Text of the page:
State v. McLean

Full title: STATE OF OHIO Plaintiff-Appellee v. AL MUTAHAN MCLEAN Defendant-Appellant

Court: Court of Appeals of Ohio, Second District, Montgomery

Case no: 29268

Date published: Aug 12, 2022

Fact:

Al Mutahan McLean appeals from his convictions on his guilty pleas to three counts of endangering children, one count of rape, one count of murder, and one count of kidnapping. Because the trial court failed to comply with the notification requirements in R.C. 2929.19(B)(2)(c) in imposing sentence, McLean’s sentence is contrary to law. The trial court also failed to comply with the Reagan Tokes Act in calculating McLean’s sentence. We affirm in part and reverse in part, and we remand the matter to the trial court solely for purposes of resentencing.

{¶ 2} On December 23, 2019, McLean was indicted as follows: Count 1, endangering children (parent-serious harm), in violation of R.C. 2919.22(A), a felony of the third degree; Count 2, endangering children (serious physical harm), in violation of R.C. 2919.22(B)(1), a felony of the second degree; Count 3, endangering children (torture-serious harm), in violation of R.C. 2919.22(B)(2), a felony of the second degree; Count 4, endangering children (corporal punishment), in violation of R.C. 2919.22(B)(3); Counts 5 and 6, felonious assault (serious harm), in violation of R.C. 2903.11(A)(1), felonies of the second degree; and Count 7, rape (child under 13) (by force or serious physical harm), in violation of R.C. 2907.02(A)(1)(b), an unclassified offense. McLean pled not guilty on January 2, 2020.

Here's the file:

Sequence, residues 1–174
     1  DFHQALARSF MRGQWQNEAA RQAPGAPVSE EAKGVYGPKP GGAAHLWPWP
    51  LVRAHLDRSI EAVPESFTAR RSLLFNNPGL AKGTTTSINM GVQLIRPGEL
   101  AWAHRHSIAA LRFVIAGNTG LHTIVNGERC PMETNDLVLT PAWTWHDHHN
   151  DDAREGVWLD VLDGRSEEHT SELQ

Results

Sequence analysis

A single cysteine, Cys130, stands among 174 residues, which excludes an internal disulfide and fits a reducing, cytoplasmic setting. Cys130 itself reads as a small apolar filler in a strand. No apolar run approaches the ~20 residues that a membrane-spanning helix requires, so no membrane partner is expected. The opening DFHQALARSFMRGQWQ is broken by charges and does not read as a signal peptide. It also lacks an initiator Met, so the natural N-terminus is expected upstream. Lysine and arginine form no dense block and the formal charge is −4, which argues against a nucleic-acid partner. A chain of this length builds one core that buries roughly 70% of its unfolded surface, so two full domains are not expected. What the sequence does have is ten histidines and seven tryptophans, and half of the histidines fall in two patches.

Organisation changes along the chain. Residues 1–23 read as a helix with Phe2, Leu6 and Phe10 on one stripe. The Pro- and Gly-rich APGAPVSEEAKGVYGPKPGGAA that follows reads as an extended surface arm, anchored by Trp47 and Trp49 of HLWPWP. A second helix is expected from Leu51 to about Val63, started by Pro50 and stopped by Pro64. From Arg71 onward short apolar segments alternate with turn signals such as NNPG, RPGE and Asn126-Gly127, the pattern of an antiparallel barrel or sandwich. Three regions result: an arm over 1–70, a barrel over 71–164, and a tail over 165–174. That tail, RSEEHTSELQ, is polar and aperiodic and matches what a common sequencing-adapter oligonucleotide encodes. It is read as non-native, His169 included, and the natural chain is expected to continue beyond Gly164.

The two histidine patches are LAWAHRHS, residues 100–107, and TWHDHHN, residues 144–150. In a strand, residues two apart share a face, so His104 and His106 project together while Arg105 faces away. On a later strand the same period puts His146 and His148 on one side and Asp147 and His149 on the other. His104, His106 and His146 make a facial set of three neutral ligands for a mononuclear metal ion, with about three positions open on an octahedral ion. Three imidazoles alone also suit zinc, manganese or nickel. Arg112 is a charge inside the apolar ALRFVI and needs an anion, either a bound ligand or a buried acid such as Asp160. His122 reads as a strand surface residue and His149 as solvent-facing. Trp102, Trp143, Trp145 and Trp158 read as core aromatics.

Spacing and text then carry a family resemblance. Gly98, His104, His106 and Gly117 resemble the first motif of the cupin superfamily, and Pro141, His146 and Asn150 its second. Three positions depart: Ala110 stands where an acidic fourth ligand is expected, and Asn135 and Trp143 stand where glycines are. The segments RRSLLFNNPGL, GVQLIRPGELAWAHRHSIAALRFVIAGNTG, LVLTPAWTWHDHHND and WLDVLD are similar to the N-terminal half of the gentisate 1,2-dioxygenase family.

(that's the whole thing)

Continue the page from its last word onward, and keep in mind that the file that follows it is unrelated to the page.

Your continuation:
{¶ 3} On March 5, 2020, the court found McLean competent to stand trial after the parties stipulated to a psychiatric report submitted by the Forensic Psychiatry Center for Western Ohio.

Issue:

Decision:

The court ruled that a plea is not aligned with due process if the court fails to explain the constitutional rights waived by the defendant. However, the court must substantially comply with notification of non-constitutional rights in Crim.R. 11(C)(2)(a) and (b), and prejudice must be demonstrated to vacate a plea. The court agreed that McLean’s pleas were knowingly, intelligently, and voluntarily entered, and his third assignment of error is overruled. The trial court’s judgment is affirmed in part and reversed in part, and the matter is remanded solely for purposes of resentencing. The court is instructed to provide indefinite sentencing notifications and resentence McLean to properly include both the aggregate minimum term and the calculated maximum term in its judgment entry of conviction.

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